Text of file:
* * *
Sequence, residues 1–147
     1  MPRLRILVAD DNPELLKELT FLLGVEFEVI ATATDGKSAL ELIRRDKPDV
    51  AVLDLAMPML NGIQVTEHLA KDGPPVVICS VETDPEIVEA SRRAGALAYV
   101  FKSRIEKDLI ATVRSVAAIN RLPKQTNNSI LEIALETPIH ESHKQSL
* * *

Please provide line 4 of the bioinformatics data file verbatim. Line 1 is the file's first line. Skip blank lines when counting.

   101  FKSRIEKDLI ATVRSVAAIN RLPKQTNNSI LEIALETPIH ESHKQSL